BAINBRIDGE ISLAND (June 8, 2004) – Mixed in a seine net with a large haul of shrimp and sticklebacks swims a juvenile chinook salmon. “Here’s what we’re looking for,” says Paul Dorn, salmon recovery coordinator for the Suquamish Tribe. After scooping up the small fish, Dorn waves a wand over the salmon and the wand beeps, indicating the fish has a coded wire tag in its nose. “It’s probably a hatchery fish all right.”
The coded wire tag tells Dorn that the chinook salmon was bred in one of western Washington’s salmon hatcheries. To better understand how hatchery salmon, wild salmon and other marine life are interacting in the sound’s nearshore environments, the Suquamish Tribe has been seining several beaches throughout Kitsap County. The project – funded by federal Pacific Coastal Salmon Recovery funds – will help the tribe manage fisheries and hatcheries.
The project involves measuring all the sea life captured in the seine net, as well as weighing all chinook salmon. The tribe is checking the health of marine life, particularly salmon and fish that salmon eat, such as sand lance, surf smelt and herring. The tribe also is documenting how long each species stays in a particular area. By clipping the adipose fin of all hatchery-raised chinook, the tribe can identify which salmon originated from a hatchery.
“We need to understand how salmon are using the nearshore environment and what food resources are available to these fish to help us make decisions on how to adjust our hatchery management schemes, land use regulations and habitat projects,” Dorn said. “We want to make sure our efforts to help salmon are not actually harming them.”
In 1999, Puget Sound chinook salmon were listed as “threatened” under the federal Endangered Species Act. Since then, the Suquamish Tribe has been adjusting its hatchery operations to help bring back abundant salmon populations without harming fragile wild salmon stocks. The effort is known as Hatchery Reform, and the project’s goal is to help recover and conserve naturally spawning salmon populations and support sustainable fisheries for Indians and non-Indians. The seining project also will help monitor Pacific Coastal Salmon Recovery nearshore projects and provide vital information that will be used in shoreline management plans and other planning processes.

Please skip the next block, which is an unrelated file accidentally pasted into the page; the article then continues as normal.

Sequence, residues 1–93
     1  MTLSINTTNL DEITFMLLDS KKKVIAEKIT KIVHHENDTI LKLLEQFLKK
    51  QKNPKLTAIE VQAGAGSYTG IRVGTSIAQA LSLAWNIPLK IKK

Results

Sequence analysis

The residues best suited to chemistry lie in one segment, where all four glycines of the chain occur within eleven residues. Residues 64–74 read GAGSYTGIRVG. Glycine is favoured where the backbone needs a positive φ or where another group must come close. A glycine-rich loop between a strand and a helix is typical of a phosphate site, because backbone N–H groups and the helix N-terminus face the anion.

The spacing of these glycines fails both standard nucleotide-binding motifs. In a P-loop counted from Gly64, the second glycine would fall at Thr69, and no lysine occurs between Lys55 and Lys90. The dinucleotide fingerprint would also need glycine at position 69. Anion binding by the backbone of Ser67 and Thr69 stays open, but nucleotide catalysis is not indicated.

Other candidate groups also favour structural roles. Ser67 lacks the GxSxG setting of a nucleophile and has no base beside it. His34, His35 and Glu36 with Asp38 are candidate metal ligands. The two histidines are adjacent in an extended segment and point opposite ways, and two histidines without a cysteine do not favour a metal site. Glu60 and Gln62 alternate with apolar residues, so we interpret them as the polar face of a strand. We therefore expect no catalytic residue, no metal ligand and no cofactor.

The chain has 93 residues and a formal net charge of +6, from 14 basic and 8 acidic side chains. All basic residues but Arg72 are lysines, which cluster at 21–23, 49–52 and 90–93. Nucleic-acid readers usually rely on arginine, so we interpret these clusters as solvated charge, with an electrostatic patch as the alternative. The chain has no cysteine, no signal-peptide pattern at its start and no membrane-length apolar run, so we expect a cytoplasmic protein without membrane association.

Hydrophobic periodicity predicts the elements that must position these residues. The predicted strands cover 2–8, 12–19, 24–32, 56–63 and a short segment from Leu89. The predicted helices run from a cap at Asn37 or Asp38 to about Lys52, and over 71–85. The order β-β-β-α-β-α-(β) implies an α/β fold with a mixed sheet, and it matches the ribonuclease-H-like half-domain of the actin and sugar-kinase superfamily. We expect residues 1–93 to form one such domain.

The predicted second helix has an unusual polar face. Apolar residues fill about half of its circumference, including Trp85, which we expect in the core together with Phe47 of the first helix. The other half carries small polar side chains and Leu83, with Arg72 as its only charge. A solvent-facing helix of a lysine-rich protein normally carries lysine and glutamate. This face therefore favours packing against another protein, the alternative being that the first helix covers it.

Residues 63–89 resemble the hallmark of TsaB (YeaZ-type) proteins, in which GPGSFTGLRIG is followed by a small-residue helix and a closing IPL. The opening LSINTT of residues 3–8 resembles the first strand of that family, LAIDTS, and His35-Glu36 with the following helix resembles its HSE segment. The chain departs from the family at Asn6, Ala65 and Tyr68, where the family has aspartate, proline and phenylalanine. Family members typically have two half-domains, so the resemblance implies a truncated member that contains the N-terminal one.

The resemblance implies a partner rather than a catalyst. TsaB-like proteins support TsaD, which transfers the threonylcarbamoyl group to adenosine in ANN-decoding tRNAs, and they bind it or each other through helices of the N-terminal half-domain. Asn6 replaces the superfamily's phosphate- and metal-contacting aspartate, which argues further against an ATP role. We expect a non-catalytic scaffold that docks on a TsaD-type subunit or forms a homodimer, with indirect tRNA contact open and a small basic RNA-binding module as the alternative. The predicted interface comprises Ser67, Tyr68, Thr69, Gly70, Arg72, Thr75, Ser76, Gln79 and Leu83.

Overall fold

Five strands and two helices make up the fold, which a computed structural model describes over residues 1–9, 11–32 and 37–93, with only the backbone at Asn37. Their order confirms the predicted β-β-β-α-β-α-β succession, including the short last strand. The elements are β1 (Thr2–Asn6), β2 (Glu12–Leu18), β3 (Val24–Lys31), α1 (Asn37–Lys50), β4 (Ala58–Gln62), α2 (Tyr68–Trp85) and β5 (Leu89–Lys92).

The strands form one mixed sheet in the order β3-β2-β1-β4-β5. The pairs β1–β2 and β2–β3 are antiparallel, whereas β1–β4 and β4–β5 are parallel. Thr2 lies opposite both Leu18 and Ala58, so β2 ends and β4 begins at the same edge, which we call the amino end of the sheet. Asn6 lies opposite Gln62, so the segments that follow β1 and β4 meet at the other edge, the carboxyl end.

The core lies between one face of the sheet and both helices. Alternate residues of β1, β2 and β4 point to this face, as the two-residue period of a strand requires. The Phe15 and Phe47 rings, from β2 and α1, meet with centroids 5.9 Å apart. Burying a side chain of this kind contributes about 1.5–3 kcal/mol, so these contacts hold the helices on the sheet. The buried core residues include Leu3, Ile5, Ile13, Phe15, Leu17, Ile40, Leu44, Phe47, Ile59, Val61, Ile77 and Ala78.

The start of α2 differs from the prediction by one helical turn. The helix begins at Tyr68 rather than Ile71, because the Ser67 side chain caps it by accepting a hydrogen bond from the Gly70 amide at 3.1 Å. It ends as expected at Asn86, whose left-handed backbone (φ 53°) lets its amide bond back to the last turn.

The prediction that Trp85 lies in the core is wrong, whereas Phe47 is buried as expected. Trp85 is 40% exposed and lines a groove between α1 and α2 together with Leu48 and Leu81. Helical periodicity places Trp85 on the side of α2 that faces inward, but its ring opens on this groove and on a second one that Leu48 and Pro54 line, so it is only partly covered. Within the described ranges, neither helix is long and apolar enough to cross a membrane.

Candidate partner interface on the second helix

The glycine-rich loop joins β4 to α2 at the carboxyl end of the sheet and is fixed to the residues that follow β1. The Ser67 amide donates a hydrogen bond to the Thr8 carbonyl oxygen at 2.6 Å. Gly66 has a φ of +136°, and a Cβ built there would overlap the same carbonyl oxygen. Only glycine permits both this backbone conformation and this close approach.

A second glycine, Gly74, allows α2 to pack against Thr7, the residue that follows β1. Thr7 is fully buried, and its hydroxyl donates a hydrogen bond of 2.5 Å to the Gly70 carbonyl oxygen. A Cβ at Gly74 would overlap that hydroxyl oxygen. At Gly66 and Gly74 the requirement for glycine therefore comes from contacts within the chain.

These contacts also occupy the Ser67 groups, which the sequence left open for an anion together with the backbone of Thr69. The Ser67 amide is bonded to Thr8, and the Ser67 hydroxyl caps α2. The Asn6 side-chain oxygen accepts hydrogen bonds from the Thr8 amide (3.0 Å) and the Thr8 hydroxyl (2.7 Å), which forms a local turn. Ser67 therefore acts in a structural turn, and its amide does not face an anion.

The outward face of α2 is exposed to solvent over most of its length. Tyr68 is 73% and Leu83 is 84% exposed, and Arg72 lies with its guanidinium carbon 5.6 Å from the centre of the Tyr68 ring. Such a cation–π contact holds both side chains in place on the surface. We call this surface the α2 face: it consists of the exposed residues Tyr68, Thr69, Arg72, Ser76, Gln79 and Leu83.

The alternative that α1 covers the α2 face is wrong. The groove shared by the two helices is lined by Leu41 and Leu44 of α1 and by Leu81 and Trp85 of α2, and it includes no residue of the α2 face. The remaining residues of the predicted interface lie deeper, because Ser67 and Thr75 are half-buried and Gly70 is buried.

Information gathered from the project will help the tribe coordinate the release of juvenile hatchery salmon. Releasing the hatchery fish at certain times of the year will eliminate the possibility that juvenile hatchery-reared salmon will compete for food and habitat with young wild salmon.
So far, the beach-seining project has netted salmon that spawned in the Nisqually, White, Skagit and Green rivers, as well as from Miller Bay near the Suquamish Tribe’s Port Madison Indian Reservation. The tribe operates the Grover’s Creek Hatchery near Miller Bay, the Gorst Creek rearing ponds near Sinclair Inlet, the Clear Creek rearing pond near Dyes Inlet, and the Websters rearing pond near Liberty Bay. The tribe releases about 3 million hatchery chinook salmon annually.
Along with the Suquamish Tribe, the City of Bainbridge Island, the Washington Department of Fish and Wildlife, Liberty Bay Foundation, Friends of Miller Bay, Trout Unlimited and several other volunteers from Kitsap communities are involved in the project.
“The nearshore environment is extremely important for salmon,” Dorn said. “And by painting an accurate picture of the nearshore, we can better understand how hatchery and wild salmon are interacting with one another and other marine life.”
BFor more information, contact:B Paul Dorn, salmon recovery coordinator for the Suquamish Tribe, (360) 394-5245, email@example.com. Darren Friedel, information officer for the Northwest Indian Fisheries Commission, (360) 297-6546, firstname.lastname@example.org.